PS3 Ubuntu 10.04 – Summary Guide

OK. So I broke my Ubuntu installation on my PS3, again. Happens all too regularly, I’m afraid. And, I’m not smart enough to fix it once it is borked. So, here’s how I start from scratch to get a Ubuntu 10.04 installation working on my PS3, from nothing.

So, starting from the firmware 3.15 on PS3 Phat. Anything later and sorry, Sony has stolen the OtherOS feature from you. Too bad, you loose. Sony has screwed you.

First thing, you need to visit PSUbuntu to get some hints. Many on them are dated (in terms of the Ubuntu release described), but still a fountain of knowledge.

Step 1. Installing the OtherOS Bootloader. There are a number of them mentioned, but only one that I’ve found handles the ext4 file system, required / desired by later Ubuntu installation systems. The petitboot bootloader is available in different versions, but this one is the one I use It needs to be stored in a USB dongle in a /ps3/otheros/ directory so that the PS3 system can find it to install.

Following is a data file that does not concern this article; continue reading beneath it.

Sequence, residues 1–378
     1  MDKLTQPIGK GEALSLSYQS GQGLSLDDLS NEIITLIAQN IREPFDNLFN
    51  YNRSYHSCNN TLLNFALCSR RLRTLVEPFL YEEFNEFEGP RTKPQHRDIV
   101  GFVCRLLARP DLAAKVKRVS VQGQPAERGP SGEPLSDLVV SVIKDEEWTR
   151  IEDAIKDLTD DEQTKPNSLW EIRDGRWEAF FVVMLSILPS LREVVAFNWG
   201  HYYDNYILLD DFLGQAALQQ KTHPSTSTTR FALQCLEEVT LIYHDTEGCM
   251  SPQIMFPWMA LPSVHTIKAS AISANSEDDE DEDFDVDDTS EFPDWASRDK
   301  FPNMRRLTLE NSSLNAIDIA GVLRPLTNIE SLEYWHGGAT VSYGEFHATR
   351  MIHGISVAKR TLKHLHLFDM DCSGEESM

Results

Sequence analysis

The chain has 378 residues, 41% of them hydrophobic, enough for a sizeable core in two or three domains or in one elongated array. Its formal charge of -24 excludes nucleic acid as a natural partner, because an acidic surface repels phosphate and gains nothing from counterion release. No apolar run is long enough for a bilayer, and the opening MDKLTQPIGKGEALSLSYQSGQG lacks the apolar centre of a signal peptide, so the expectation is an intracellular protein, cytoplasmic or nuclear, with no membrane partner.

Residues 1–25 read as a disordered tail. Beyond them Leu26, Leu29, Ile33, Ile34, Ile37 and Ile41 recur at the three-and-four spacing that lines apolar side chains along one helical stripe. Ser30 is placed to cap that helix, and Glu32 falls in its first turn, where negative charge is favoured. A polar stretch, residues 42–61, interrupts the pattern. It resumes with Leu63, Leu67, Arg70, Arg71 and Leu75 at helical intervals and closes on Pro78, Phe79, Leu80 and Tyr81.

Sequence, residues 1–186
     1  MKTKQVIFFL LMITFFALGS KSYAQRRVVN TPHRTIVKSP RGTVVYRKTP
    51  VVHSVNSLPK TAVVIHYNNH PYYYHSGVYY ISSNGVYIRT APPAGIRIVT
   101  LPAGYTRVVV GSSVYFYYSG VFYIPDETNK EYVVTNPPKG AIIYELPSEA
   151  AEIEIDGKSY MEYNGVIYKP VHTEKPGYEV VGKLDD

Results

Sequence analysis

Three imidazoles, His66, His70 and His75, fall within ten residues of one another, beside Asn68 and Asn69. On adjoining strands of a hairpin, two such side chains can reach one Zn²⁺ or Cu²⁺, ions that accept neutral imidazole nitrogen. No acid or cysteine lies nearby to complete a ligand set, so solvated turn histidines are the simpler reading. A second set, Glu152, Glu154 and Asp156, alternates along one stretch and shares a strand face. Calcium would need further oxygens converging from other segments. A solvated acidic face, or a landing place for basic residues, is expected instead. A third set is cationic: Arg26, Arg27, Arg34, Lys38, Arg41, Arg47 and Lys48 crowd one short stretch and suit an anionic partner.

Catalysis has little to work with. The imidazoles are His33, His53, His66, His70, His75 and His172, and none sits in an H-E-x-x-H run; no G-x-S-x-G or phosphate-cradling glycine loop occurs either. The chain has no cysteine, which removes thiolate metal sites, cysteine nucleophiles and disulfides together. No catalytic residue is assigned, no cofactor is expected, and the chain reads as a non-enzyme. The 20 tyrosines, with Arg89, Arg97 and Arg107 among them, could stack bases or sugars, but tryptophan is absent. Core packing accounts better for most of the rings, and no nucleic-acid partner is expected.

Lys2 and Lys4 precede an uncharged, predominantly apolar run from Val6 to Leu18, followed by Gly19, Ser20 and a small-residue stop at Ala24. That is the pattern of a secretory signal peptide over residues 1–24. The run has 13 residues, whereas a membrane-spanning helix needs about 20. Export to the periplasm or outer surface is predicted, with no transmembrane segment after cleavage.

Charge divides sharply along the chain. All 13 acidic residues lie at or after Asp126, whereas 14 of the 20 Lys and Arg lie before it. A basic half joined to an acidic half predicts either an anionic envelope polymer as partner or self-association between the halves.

Step 2. Have the Ubuntu 10.04 LTS CD available and have it inserted when you reboot to OtherOS loader from the PS3 OS. The latest version can be obtained from here. I generally use the alternate version, but i guess the desktop version works just as well.

Step 3. Install the Ubuntu 10.04 system, following all the relevant prompts. Blah. Blah.

Step 4. First thing is to get some more swap. There is a full instruction here

Ripping off the instructions from PSUbuntu:

sudo gedit /etc/modules
add “ps3vram” at the end of the file

save the file and get back to the terminal
sudo gedit /etc/rc.local
scroll until you see these lines of code:

exit 0

Before add the following:
mkswap /dev/ps3vram